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Guinea's Military Leader Wants Army to Support Transitional Government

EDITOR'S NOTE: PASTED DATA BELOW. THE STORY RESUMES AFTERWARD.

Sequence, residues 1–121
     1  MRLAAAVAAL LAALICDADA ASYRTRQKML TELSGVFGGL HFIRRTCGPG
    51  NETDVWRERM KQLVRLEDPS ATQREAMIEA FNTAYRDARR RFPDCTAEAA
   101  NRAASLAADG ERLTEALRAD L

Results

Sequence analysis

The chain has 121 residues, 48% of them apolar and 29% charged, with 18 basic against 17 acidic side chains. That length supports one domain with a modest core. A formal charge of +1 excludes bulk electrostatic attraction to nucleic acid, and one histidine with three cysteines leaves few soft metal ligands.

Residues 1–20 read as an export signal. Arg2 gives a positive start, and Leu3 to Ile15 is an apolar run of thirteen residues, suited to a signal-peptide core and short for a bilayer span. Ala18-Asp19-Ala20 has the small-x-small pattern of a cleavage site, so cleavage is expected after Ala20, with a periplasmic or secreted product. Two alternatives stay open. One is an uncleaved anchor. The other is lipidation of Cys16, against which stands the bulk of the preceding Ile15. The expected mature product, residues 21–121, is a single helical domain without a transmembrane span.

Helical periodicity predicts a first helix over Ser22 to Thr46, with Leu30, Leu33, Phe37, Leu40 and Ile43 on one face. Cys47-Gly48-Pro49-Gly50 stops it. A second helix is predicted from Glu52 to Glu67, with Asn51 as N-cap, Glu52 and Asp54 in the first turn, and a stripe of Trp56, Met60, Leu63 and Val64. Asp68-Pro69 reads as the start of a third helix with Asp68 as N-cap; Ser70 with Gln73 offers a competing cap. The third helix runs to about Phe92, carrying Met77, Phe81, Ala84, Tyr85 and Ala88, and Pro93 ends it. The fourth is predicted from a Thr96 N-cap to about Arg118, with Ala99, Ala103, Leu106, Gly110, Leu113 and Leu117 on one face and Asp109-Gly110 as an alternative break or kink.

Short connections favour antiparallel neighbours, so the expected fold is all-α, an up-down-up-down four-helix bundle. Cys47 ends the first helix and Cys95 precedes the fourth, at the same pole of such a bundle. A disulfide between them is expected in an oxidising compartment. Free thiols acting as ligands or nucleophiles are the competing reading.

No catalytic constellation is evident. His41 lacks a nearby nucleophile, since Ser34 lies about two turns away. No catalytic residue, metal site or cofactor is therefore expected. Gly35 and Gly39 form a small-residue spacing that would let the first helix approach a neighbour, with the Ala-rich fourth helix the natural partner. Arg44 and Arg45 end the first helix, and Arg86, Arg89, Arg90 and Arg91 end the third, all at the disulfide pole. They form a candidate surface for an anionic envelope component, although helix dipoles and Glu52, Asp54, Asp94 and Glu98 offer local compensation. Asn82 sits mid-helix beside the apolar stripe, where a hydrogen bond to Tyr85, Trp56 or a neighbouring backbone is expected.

Printer Friendly VersionPrinter Friendly VersionSend to a FriendSend to a FriendGuinea's acting military leader is calling on soldiers to support the country's new transitional government which is meant to organize elections in June. After more than one year of military rule in Guinea, General Sekouba Konate says it is time the army return to its proper function and support civilians working toward new elections. General Konate says the army's mission is to defend the territorial integrity of the nation, to safeguard democracy, and to protect the people. General Konate took power in December when military leader Captain Moussa Dadis Camara was shot by the former head of the presidential guard who says Captain Camara was trying to blame him for the killing of opposition protestors in September. The gunmen and his supporters in the presidential guard escaped and are still at large. General Konate says it is time to end divisions in the military, which have grown since Captain Camara took power in a coup thirteen months ago. General Konate says those who have left the army must return because a small group of soldiers outside the army have no importance. He says the army should be more cohesive as the military family will be stronger if they join hands. General Konate says military leaders know who among them are making divisions in the army and those divisions must stop. He says God will pay back every action taken. The general says demagoguery and lies can make trouble. Those in the army should be military people, he says, with a military attitude and a military aptitude. The military's support is crucial for the success of this transitional authority, which will be led jointly by General Konate and the new civilian prime minister Jean Marie Dore. Mr. Dore says the army and its leader understand well the need to find a way out of this crisis. He says everyone knows the army's role in society. And that role must now be properly defined as the army moves toward restructuring. The prime minister says young people must know that when they join the army, they are embracing a career. It is not just something to do when nothing else is working. He says Guinea needs a professional army with security, respect, and a decent retirement. Organizing elections in six months presents considerable logistical challenges for one of the world's poorest countries. International donors say they will help pay for the vote. Without that support, Prime Minister Dore says Guinea will continue to struggle.  The prime minister says it is a mistake to imagine that everything will happen so easily. Together with the military and civil society, he says the interim authority is committed to end this transition in a reasonable period of time with well-organized and credible elections. The head of the Union of Democratic Forces party Oury Bah says there are many challenges waiting for Prime Minister Dore who must organize a peaceful transition with the support of all groups to return to constitutional order within six months. Bah says this is an extremely important opportunity for Guinea - a chance to finally be able to get out of its political crisis. He says this is the mission and the hope of the new prime minister and the government he is organizing.